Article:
Sunday, June 10, 2012

Ye auld blog post. Fer F's sake.

I started The Busconductor Hines and was just baffled by the dialect and profanity used in the book.  It was almost like a different language at first until I got used to it.  I finally figured it out about 100 pages in, and then the story went fairly quickly.

Robert Hines struggles with the monotony of his life.  The protagonist has a tough job as a Busconductor and lives in a no bedroom apartment with his wife and 4 year old son.  The circumstances of his life totally weigh on him.  Throughout the book, his wife suggests ways that they can get things better - such as moving to a different location, or saving money for a year with the eventual goal of possibly moving to Australia - but Hines can't ever seem to get it together to make a change.  Even at the very end, where he winds up quitting his job, he goes back to it after a little while because it would be foolish not to work the week's notice and get the extra money.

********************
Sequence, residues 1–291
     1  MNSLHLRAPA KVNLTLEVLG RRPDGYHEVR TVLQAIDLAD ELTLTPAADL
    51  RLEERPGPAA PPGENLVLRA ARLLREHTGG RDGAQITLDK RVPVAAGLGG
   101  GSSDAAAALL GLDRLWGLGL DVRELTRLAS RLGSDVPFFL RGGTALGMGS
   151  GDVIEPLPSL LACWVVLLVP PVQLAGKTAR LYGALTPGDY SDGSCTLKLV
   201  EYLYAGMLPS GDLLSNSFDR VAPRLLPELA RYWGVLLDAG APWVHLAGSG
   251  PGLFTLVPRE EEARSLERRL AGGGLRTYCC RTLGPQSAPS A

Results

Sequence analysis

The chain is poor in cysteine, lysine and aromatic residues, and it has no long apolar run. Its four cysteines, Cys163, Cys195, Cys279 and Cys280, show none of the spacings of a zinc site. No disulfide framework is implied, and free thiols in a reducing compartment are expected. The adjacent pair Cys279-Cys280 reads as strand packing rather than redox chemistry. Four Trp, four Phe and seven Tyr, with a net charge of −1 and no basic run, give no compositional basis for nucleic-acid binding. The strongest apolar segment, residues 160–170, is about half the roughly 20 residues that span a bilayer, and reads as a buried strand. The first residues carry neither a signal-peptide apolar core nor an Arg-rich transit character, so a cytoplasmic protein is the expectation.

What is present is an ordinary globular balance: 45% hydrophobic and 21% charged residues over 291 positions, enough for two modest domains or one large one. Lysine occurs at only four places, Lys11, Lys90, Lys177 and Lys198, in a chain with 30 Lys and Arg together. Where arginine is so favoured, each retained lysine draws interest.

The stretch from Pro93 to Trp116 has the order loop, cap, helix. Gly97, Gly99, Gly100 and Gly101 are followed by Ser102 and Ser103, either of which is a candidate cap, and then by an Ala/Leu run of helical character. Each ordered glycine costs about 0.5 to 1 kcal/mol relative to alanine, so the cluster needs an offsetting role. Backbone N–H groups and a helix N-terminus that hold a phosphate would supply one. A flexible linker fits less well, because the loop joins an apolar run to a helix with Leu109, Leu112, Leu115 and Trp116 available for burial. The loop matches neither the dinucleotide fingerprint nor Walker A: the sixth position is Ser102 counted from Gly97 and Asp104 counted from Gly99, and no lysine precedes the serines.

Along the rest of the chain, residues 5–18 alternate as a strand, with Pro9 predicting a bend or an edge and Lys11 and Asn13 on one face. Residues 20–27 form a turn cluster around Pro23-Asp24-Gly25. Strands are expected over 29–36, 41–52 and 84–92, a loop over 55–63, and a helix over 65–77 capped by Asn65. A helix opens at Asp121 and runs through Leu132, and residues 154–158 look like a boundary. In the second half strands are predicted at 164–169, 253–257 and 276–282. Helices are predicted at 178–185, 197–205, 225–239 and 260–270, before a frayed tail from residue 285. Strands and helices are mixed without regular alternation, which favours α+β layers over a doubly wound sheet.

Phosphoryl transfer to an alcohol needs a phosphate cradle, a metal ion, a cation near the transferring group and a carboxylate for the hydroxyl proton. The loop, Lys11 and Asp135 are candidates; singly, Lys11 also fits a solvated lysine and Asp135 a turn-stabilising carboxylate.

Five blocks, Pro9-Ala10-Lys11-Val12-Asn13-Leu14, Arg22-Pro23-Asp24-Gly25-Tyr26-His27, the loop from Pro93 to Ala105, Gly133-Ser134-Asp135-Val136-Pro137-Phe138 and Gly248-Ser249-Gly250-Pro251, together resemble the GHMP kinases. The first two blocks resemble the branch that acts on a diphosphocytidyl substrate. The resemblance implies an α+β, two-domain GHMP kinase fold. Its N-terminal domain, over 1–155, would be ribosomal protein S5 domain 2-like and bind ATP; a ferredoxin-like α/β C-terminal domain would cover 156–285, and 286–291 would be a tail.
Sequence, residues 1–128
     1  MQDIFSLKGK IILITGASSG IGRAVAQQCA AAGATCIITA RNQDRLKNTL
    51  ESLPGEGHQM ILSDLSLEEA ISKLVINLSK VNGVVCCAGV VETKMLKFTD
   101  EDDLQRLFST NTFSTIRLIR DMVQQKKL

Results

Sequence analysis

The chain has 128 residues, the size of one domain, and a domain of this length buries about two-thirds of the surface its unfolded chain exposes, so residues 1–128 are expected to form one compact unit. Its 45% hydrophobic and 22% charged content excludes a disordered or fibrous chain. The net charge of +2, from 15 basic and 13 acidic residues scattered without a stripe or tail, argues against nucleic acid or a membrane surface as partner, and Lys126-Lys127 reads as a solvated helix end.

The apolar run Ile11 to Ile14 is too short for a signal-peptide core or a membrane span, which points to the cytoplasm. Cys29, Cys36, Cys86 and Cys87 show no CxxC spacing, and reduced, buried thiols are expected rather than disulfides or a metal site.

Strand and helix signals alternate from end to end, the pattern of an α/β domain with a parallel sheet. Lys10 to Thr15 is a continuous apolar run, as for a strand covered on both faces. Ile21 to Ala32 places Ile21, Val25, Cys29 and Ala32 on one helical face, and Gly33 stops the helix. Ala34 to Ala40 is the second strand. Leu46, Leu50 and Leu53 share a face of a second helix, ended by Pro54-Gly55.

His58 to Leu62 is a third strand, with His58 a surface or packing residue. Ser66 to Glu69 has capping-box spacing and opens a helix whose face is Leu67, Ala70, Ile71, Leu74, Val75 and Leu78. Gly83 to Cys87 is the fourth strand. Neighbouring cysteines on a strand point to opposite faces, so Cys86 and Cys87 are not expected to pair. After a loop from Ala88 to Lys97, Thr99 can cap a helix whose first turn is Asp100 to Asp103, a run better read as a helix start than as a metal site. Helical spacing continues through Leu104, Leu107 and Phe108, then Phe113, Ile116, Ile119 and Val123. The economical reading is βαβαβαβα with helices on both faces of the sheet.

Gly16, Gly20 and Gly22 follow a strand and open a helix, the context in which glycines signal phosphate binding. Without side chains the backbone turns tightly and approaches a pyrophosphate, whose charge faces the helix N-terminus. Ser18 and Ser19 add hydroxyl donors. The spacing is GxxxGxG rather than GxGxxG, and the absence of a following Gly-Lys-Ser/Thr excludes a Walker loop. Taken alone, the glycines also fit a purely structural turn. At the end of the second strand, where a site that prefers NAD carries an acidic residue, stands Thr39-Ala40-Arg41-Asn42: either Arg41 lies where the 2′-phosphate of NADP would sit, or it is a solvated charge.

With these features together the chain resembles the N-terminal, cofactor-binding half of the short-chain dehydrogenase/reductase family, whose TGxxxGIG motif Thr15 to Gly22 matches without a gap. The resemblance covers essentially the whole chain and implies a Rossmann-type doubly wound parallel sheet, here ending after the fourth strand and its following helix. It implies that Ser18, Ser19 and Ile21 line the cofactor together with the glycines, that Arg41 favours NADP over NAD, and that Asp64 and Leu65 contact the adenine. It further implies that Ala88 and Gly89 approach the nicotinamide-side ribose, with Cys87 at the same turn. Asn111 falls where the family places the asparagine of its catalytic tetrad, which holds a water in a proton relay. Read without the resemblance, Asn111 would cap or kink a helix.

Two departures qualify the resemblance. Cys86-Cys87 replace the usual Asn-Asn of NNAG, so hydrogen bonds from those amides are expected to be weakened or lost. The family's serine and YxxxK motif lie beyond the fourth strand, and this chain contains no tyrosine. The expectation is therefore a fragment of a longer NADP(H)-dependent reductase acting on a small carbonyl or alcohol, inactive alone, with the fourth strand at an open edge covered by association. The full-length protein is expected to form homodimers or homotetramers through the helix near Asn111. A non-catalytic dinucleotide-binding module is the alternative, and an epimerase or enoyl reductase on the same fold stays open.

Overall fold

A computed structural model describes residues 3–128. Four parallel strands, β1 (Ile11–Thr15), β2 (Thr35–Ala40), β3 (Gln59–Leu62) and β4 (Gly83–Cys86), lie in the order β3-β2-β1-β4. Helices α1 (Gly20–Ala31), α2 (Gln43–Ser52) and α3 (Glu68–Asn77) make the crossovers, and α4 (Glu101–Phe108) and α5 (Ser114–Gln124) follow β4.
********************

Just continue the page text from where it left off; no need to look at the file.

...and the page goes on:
This is a moderately interesting portrait of working class life in Glasgow.

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